For instance, in Maryland, when repairs were required to the gas lines at one apartment complex, the gas had to be shut off for a few days.
Those days turned into one-and-a-half months: Tenants in approximately 100 apartments were without heat and hot water, and couldn’t cook.
The Maryland Attorney General’s Office stepped in and got the tenants a refund for one month’s rent, pro-rated credit for the partial month, gift certificates for $595 to compensate for additional expenses they incurred, and $150 in credits for their utility payments.
#9 complaint: Fraud and household goods
Fraud is a word that can be all-encompassing and broad, but in the CFA’s case, it revolves around things like “[b]ogus sweepstakes and lotteries, work-at-home schemes, grant offers, fake check scams (which is something consumers need to watch out for in this COVID-era), imposter scams and other common frauds.”
Household goods refers to items like furniture and major appliances.
Together, fraud and household goods take ninth place in the top 10 list of consumer complaints.
One notable case occurred in San Francisco in 2019: a “Chinese Embassy Telephone Scam.”
The fraud victim received a pre-recorded call in Mandarin from someone impersonating the Chinese Embassy or Consulate. They’re asked to pay “immediate attention” and to call someone who’s allegedly an employee, who says there’s a package or message from the police from back in China that’s meant for them.
The scammer then asks for the victims’ personal info, including where their families are in China, and their immigration status. The scammer “offers” to “open” the package for them, which apparently would reveal that their families are involved in a “major fraud investigation in China and they are wanted for questioning in that regard.”
The victims are put into a three-way call with a fake detective who’s supposedly investigating them, and it’s then implied that they can actually pay for “bail” to get out of the situation.
The report noted that some of the victims fell prey: They “emptied their savings accounts, mortgaged their homes, or borrowed heavily to wire money to Hong Kong, from which it went into several accounts in mainland China.”
The AG’s office eventually was able to work with Hong Kong and Chinese authorities, track down the money, and return it to the victims in the San Francisco Bay Area.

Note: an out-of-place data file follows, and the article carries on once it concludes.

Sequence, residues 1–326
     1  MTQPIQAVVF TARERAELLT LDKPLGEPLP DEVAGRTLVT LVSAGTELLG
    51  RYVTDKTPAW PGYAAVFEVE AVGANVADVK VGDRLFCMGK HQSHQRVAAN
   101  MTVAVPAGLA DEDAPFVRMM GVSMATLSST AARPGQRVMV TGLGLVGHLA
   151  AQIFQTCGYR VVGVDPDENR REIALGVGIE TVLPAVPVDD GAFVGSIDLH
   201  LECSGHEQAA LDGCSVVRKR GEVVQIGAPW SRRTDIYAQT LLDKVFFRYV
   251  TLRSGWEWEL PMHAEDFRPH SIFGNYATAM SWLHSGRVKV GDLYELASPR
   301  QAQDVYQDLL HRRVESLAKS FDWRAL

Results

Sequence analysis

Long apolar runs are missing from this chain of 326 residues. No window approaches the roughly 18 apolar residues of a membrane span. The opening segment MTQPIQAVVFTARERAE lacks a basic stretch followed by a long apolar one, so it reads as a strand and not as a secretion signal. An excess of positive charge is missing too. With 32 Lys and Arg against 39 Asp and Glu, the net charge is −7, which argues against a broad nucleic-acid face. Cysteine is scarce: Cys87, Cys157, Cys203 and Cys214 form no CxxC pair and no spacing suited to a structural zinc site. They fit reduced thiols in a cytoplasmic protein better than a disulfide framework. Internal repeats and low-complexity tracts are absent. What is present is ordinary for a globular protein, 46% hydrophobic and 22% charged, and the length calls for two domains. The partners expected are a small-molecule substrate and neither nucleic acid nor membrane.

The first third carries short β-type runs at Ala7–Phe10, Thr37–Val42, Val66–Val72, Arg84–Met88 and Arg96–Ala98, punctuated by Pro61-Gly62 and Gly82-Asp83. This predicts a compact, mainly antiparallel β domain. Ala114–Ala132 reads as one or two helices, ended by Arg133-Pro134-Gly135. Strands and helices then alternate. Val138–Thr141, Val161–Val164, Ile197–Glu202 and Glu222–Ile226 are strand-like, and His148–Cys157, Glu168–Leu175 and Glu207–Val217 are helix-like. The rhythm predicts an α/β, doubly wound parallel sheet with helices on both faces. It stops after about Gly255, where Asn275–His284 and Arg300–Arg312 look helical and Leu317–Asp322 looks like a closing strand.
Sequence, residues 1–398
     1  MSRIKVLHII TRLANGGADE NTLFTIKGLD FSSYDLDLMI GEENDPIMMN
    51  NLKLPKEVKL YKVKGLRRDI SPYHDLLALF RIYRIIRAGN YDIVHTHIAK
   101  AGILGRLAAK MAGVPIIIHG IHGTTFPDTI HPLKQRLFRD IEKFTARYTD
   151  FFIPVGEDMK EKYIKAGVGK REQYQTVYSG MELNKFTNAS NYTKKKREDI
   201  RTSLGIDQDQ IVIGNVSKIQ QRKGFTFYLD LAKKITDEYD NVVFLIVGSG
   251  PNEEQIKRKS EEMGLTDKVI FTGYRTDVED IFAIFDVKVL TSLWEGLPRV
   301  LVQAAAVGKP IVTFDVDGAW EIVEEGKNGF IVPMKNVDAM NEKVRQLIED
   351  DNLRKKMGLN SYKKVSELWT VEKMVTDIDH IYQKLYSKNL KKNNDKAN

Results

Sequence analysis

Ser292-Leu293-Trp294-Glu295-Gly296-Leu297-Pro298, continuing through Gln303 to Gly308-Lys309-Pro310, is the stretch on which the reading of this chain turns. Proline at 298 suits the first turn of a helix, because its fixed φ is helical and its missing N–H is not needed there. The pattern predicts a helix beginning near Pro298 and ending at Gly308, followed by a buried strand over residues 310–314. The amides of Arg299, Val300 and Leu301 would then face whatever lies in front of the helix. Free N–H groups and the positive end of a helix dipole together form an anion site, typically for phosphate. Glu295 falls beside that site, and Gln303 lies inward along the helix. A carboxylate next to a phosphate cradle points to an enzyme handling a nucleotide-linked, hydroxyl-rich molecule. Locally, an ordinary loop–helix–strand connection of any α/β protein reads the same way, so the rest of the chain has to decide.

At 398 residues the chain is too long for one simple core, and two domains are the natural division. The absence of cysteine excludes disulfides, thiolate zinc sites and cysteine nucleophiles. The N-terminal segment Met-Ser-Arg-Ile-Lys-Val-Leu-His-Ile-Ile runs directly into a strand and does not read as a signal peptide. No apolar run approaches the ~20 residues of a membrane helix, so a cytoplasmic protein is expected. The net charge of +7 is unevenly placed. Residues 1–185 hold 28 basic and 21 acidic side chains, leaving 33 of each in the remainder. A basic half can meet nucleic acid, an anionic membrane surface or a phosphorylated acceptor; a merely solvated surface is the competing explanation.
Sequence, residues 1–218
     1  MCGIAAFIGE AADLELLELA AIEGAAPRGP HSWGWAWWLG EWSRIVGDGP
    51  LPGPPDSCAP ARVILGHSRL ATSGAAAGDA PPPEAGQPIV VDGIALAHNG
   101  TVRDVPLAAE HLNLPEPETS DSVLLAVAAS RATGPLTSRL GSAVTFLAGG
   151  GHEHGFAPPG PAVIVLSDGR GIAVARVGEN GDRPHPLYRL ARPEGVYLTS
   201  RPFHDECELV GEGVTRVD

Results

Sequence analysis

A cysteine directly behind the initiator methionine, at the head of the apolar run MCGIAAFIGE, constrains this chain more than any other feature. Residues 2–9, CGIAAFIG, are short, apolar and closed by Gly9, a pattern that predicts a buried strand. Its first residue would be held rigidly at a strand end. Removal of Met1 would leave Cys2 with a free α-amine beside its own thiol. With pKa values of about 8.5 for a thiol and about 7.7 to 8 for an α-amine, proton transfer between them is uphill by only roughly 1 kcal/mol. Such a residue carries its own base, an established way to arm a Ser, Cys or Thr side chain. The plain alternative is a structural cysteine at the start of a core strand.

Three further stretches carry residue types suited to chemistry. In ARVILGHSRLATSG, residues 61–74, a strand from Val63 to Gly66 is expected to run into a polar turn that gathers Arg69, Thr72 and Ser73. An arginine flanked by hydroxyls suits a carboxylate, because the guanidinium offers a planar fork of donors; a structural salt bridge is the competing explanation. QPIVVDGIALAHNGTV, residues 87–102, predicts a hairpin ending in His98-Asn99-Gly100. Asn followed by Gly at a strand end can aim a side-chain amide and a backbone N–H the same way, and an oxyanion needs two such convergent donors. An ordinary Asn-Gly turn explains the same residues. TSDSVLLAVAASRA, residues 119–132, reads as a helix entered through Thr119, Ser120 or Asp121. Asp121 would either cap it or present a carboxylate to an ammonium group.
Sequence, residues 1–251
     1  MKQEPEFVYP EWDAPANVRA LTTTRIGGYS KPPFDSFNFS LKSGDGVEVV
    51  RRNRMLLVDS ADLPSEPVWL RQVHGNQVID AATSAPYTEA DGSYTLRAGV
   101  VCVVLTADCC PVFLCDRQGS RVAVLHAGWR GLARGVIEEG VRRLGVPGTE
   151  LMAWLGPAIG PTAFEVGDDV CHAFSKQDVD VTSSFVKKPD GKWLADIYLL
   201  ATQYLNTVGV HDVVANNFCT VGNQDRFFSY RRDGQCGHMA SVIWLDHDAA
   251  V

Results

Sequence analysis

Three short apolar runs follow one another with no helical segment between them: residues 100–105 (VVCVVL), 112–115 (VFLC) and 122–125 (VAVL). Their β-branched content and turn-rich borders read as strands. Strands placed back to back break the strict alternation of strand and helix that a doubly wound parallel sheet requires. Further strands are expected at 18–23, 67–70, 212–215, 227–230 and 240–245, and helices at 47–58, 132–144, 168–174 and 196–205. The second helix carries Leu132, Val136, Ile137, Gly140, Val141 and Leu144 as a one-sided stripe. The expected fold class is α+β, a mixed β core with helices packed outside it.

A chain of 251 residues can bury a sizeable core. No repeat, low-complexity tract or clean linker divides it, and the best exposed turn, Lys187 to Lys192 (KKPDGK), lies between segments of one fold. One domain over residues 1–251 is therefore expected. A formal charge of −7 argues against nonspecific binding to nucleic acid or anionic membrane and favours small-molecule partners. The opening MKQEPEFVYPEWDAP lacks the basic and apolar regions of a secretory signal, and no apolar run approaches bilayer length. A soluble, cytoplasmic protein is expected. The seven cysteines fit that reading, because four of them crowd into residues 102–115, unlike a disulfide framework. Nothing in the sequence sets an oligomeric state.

#10 complaint: Scams involving internet sales
Rounding out the top 10 list, internet sales-related scams also plagued many Americans in 2019.
These scams essentially revolve around deceptive practices or misrepresentations, or simply the failure to deliver online purchases.
In Los Angeles, puppies were involved in some of these scams.
In 2019, L.A.’s Department of Consumer and Business Affairs received 49 complaints against an individual who put out ads for puppies on sale on various websites for $350 to $1,400.
But those who bought the puppies said that within days of arrival, “the puppies were extremely ill immediately or within days of arrival, requiring expensive veterinary treatment, and in many cases, the puppies died.”
Even when the consumer told the seller that the puppy died and was sent a replacement puppy, that puppy also died.
The agency got wind of this scam, investigated the issue, and ended up arresting the seller on felony charges of animal cruelty and theft. The case is currently being prosecuted, the report noted.
The report also revealed a new type of consumer problem.
In Ohio, Sheryl Harris at the Cuyahoga County Consumer Affairs reported that a caller pretending to be a sheriff or a deputy would call victims — with their own name — and say that the victim had to pay a fine for not attending to an important legal issue and there was an arrest warrant out for them, and they could only avoid arrest by paying a fine with a gift card.
These scammers were also staying on the phone with their victims as they dictated instructions for them to withdraw their money from bank accounts, buy gift cards, or send money transfers, “essentially holding their victims captive and ready to thwart any questions that might derail their schemes,” the report noted.
If you think you’ve been scammed, reach out to your county or state consumer agency.
Aarthi Swaminathan is a reporter for Yahoo Finance. Have you recently fallen prey to a COVID-19 scam, or know someone who has? If you’d like to share your story, Aarthi can be reached at email@example.com. Follow her on Twitter @aarthiswami.